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Students Initiatives 2016

Student-led efforts that impacted life on campus and in the greater Portland community

Interviews by Ken DuBois



Fifth graders Claire Williams, Emma Miller, Sydney Slusher, and Megan Selden initiated and led a clothing and toy drive in December 2015, and engaged the entire school in the effort. Toys were donated to a local fire station to distribute, and clothes were given to Portland’s William Temple House.

CLAIRE: It was really hard to find someplace to donate all of the toys, but then we all kind of worked together and we found a place to do it. And it was actually on Christmas Eve when we donated them. I just felt really great about it afterwards because everybody deserves to have a great holiday.

EMMA: It was really cool to see the people that worked there, their faces. They seemed so happy that they got so many donations. And I thought it was cool that we did it kind of on a holiday, because for the people who do celebrate that, I feel like it’s kind of like a gift to them, like a Christmas gift in a way.

SYDNEY: If we keep helping out the kids, then there will be less kids in so much need. And then the kids who are really struggling can get a little bit more. Since we all have the privilege to have all this stuff, it’s good for us to help other people. Because if we have a happy life, we want other people to have one too.

MEGAN: I think it’s important to step up and do something, because if you just lay back and think that other people are going to do it, then other people will do that, and nobody will help anybody. And I think that it’s a good influence on the younger kids. When they’re older they can do more projects like this to help the community. 


Freshman Avi Gupta, Seth Talyansky, Solomon Olshin, and Hansen Lian organized and presented the school’s first all-ages open chess competition, which drew 123 players to the Catlin Gabel campus from 30 Oregon schools. The festival welcomed players of all skill levels and all grades, kindergarten to high school, and was sanctioned as an Oregon Scholastic Chess Federation qualifier for the Oregon State Championship.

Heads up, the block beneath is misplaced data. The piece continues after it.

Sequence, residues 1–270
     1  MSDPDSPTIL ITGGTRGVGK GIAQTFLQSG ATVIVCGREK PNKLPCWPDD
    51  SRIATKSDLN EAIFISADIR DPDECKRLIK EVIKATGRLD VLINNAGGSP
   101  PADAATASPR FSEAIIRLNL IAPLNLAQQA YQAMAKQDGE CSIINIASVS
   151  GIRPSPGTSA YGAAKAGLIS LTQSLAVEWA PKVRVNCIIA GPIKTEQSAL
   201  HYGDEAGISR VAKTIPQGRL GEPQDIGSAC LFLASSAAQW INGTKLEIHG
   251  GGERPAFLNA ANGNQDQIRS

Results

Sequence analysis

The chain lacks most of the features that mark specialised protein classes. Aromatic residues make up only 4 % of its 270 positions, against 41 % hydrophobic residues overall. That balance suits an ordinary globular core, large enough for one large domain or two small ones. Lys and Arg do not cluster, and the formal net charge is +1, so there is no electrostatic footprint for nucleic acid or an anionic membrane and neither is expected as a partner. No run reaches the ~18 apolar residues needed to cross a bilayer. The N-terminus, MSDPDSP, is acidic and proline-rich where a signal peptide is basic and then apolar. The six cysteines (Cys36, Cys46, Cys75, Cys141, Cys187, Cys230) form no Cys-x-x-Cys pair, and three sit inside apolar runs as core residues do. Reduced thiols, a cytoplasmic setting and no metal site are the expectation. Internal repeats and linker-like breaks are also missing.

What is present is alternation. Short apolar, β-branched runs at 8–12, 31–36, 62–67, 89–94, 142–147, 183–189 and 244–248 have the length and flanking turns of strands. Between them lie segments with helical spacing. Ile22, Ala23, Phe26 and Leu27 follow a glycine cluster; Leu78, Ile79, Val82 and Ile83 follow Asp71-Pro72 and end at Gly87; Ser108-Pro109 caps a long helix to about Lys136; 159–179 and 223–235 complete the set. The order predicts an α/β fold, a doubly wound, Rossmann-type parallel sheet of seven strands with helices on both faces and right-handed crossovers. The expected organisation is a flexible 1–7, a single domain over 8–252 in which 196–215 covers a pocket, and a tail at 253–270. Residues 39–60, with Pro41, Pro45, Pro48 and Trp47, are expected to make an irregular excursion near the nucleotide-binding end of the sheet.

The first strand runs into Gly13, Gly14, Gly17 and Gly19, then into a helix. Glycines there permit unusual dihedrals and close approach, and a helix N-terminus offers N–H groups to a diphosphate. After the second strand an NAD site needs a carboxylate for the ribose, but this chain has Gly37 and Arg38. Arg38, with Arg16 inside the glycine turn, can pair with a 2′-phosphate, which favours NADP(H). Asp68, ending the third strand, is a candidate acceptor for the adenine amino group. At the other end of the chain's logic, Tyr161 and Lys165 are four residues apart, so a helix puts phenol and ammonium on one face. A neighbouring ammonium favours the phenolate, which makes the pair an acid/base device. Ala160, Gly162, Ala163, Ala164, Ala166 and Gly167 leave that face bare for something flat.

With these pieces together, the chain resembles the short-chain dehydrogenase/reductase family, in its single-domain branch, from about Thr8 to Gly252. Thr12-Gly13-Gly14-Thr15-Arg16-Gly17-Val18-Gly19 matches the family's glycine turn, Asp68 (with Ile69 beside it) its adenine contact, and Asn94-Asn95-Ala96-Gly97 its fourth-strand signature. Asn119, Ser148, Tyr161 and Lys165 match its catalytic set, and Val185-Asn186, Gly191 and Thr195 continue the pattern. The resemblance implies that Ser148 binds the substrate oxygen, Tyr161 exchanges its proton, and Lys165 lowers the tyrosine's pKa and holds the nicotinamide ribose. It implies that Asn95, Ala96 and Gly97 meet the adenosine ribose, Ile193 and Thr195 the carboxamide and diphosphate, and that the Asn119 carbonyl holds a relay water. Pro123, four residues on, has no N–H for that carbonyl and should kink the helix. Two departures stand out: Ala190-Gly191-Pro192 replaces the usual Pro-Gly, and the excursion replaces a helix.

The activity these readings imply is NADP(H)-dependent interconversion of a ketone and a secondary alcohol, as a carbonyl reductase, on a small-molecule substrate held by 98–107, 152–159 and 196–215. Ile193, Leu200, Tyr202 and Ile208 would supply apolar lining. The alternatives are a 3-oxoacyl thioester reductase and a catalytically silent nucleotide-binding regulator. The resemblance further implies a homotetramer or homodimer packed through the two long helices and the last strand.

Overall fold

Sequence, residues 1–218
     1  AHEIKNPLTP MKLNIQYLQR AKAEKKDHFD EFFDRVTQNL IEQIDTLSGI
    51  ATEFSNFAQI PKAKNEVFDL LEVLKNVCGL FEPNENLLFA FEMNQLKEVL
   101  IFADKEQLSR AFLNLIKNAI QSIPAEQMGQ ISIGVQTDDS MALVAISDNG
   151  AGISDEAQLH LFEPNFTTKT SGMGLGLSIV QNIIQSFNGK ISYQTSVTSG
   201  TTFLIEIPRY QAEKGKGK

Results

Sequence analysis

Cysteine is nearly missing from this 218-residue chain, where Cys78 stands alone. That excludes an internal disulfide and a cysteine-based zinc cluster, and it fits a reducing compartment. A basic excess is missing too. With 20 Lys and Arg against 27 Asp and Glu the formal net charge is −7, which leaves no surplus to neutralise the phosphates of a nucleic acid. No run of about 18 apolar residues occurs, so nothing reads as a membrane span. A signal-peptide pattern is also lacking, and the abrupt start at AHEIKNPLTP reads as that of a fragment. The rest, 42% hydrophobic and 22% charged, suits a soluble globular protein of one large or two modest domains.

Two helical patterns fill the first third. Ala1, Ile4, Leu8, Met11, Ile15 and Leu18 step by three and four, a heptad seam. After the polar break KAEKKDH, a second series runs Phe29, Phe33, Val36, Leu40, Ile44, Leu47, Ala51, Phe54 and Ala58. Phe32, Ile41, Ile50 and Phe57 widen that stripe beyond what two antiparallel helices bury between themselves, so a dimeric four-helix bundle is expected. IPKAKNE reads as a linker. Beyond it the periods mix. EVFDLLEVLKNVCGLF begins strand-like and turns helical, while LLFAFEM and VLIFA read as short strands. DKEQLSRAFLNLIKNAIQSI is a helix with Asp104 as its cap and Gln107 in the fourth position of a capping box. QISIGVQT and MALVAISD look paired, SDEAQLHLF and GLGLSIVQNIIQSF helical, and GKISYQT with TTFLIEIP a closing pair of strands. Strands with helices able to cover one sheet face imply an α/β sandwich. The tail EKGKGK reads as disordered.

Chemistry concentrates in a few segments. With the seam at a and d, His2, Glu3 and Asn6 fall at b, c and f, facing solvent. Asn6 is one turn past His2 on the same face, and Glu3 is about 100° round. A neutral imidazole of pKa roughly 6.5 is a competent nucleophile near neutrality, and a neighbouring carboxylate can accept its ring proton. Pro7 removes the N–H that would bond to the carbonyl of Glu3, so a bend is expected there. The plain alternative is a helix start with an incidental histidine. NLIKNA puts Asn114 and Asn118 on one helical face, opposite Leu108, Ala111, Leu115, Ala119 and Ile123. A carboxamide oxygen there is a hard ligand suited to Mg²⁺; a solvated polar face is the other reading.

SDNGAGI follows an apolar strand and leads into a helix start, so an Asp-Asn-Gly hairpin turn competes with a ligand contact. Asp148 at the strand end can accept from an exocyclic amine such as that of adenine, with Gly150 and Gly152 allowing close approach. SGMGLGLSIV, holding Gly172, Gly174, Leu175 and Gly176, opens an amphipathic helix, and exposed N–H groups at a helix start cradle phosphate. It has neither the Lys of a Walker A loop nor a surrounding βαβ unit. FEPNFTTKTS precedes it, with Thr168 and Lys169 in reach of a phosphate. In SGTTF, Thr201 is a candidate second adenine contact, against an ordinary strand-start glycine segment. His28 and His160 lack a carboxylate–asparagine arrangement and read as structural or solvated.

AVI: When Seth and I founded the Chess Club this year, we decided that the key goal of the club would be to foster a community of chess players, both at Catlin Gabel and in the greater Portland area. The Chess Festival was a big step towards that goal, as it brought together students from all around the city for a day of chess.

SETH: Few chess opportunities exist in Oregon. Chess fosters students’ academic success. Catlin Gabel teaches us not to learn passively and work for our desired change. Our team took action to create opportunities. I appreciated my friends’ sharing my passion for action, and, with the support of the school and volunteers, we all worked together to start a new tournament in Portland.

HANSEN: The Chess Festival offered many kids their first taste of the strategic game of chess. These first-timers, as well as numerous seasoned players, got to play four or five games. The experience motivated many to pursue other chess tournaments in the future.

SOLOMON: The crowd at the Chess Festival was quite a diverse one. It gathered communities and generations in a fun environment. Through organizing the Festival, we raised the profile of both Catlin Gabel and the Chess Club and encouraged new participation from across many communities. We worked together to build and maintain a sustainable platform for the tournament while uplifting the community and fundraising for the newly founded Chess Club.